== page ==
Los Angeles to Make Street Vending Legal

Los Angeles to Make Street Vending Legal

Some Real Estate, Business Stakeholders Call the Move Long Overdue
Street vendors are common along Hollywood's Walk of Fame in Los Angeles. Courtesy of Hollywood BID.

Street vendors are common along Hollywood’s Walk of Fame in Los Angeles. Courtesy of Hollywood BID.

Los Angeles is legalizing and regulating street vending, making it the nation’s last major city to officially embrace sidewalk sellers in a move welcomed by some real estate and business executives.

The Los Angeles City Council voted 13-0 on Wednesday to set rules that allow municipal officials to grant permits to street vendors for the first time in the nation’s second-largest city, ending years of debate by the council as it worked on a plan to legalize the practice.

Street vending is of particular concern to commercial building owners and brokers because vendors can block and discourage potential customers from entering retail outlets, making the sites less desirable and pushing down rents. The council accelerated its plans following a state law, known as the Safe Sidewalk Vending Act, passed this year by Gov. Jerry Brown, a Democrat. It prohibits local governments from regulating sidewalk vendors without setting up a licensing system.

“Los Angeles has been the only major city that prohibits vending, leading up to today, of every type, 24 hours a day throughout the entire city of 11,000 miles of sidewalks,” City Councilman Joe Buscaino told a crowd filled with hundreds of street vendors who applauded the council’s support.

Los Angeles, known as the City of Angels, has about 20,000 street vendors citywide but has not legally sanctioned them until now, Buscaino said.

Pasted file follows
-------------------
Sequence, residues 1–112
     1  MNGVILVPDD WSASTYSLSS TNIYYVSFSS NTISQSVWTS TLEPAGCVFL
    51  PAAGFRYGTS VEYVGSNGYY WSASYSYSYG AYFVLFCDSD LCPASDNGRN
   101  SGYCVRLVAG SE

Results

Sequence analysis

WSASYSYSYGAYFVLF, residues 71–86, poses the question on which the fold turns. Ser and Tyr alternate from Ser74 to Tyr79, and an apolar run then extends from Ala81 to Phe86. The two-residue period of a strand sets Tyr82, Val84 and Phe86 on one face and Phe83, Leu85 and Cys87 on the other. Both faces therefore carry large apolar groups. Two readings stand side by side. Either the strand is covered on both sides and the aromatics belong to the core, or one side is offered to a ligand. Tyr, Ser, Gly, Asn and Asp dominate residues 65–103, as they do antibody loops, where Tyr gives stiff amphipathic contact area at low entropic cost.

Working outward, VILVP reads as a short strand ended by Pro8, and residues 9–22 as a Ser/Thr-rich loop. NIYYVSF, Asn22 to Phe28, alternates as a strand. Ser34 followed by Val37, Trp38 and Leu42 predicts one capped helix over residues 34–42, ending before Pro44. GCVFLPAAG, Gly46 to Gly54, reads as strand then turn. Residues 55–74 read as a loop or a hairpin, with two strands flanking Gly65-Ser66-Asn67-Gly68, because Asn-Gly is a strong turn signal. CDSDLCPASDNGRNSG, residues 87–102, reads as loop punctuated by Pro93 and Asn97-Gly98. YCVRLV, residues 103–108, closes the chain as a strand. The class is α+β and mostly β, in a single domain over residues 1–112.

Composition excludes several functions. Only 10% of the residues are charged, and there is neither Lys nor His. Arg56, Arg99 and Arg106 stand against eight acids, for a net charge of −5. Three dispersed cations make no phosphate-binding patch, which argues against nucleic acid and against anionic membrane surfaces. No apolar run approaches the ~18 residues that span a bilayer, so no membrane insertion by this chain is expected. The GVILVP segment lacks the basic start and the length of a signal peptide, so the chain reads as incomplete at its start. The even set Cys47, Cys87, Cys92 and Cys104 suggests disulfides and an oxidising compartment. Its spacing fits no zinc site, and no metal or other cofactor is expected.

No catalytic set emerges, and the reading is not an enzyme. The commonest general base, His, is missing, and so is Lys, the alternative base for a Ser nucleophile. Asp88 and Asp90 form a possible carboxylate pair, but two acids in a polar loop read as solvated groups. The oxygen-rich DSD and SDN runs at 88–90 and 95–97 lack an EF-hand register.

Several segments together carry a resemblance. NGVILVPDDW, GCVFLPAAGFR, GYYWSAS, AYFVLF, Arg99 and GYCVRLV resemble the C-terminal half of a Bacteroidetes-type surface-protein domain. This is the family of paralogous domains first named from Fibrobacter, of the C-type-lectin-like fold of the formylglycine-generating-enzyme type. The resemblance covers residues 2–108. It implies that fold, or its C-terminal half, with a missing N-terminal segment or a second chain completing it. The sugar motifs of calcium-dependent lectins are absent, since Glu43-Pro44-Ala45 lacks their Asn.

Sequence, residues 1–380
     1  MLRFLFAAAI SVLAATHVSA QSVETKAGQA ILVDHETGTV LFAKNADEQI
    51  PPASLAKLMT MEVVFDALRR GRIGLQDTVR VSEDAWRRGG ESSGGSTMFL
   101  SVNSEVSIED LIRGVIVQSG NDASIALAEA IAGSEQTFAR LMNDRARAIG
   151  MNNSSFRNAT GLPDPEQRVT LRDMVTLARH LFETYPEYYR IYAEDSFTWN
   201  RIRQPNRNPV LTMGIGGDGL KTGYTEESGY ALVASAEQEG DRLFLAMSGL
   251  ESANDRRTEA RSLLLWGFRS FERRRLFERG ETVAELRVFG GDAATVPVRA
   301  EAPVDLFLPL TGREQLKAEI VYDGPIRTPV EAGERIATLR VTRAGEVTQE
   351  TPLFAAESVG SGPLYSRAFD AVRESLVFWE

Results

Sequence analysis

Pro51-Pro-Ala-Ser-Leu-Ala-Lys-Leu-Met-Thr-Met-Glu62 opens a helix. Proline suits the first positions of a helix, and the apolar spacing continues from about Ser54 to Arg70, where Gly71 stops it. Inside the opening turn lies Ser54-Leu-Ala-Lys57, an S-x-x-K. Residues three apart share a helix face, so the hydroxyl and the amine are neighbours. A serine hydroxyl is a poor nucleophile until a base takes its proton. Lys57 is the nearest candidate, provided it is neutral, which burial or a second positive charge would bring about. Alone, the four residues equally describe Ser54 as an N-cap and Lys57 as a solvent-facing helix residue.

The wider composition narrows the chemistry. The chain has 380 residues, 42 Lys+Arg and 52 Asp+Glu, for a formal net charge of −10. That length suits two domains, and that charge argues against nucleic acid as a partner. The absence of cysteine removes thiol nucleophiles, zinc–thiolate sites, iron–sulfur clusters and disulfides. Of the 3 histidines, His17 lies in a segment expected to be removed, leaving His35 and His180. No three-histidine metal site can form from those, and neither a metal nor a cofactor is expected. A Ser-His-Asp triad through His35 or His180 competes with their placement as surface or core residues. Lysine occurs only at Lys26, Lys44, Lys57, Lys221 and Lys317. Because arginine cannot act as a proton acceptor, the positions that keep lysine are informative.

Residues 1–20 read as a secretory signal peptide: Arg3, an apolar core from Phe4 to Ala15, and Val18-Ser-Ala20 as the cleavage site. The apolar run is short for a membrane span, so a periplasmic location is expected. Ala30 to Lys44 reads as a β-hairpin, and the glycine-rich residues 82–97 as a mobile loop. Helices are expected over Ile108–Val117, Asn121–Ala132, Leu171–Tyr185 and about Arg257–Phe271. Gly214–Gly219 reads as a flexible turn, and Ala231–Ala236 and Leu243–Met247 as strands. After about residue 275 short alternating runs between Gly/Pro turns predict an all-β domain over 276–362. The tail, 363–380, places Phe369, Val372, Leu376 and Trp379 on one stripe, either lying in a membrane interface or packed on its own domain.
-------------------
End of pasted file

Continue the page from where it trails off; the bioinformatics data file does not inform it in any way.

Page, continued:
The South Park Business Improvement District, a group known as BID that represents a 52-block area in downtown Los Angeles and includes on its board representatives from real estate firms Mack Urban, Jade Enterprises and Bieker Company, has always supported the “decriminalization of sidewalk vending,” according to Ellen Riotto, executive director of the district.

“Because our district includes the entertainment hubs of Staples Center and LA LIVE , where dozens of vendors converge to sell to event attendees, we see the impacts of unregulated vendors every day,” Riotto said in an email. “Without regulation and enforcement, vendors create public safety concerns from several different perspectives: sidewalks are made impassable due to the number of vendors congregating, and pedestrians are forced off sidewalks and into the streets.”

Riotto said faulty gas tanks on food carts have exploded on several occasions, “releasing six-foot flames into a crowd of hundreds” and unsold food products have been dumped on sidewalks, creating a hazard for pedestrians who could trip and fall.

“The BID and our stakeholders are counting on the city to ensure that the permitting process is thorough and enforced,” she said.

Under the ordinance, street vendors would be allowed to pay a fee and receive a permit. They will not be allowed to sell their wares in such places as Elysian Park during events at Dodger Stadium, or within 500 feet of the Hollywood Walk of Fame, Universal Studios, the El Pueblo de Los Angeles Historical Monument, and Staples Center and L.A. Live.

It also states carts must have safety wheel locks and will not be allowed to set up shop at bus stops.

Vendors must also be a minimum of 20 feet from entrances to “any building, store, theater, movie house, house of worship or place of public assembly.”

They must also be no less than five feet from fire hydrants, and distances between street vendors should be “two feet clear.” No vending is allowed in roadways, medians, pedestrian islands or bikeways.

There will also be regulations regarding the disposal of rubbish, including sealing trash in plastic bags before disposing of it.

The plan calls for the rules to take effect on Jan. 1.

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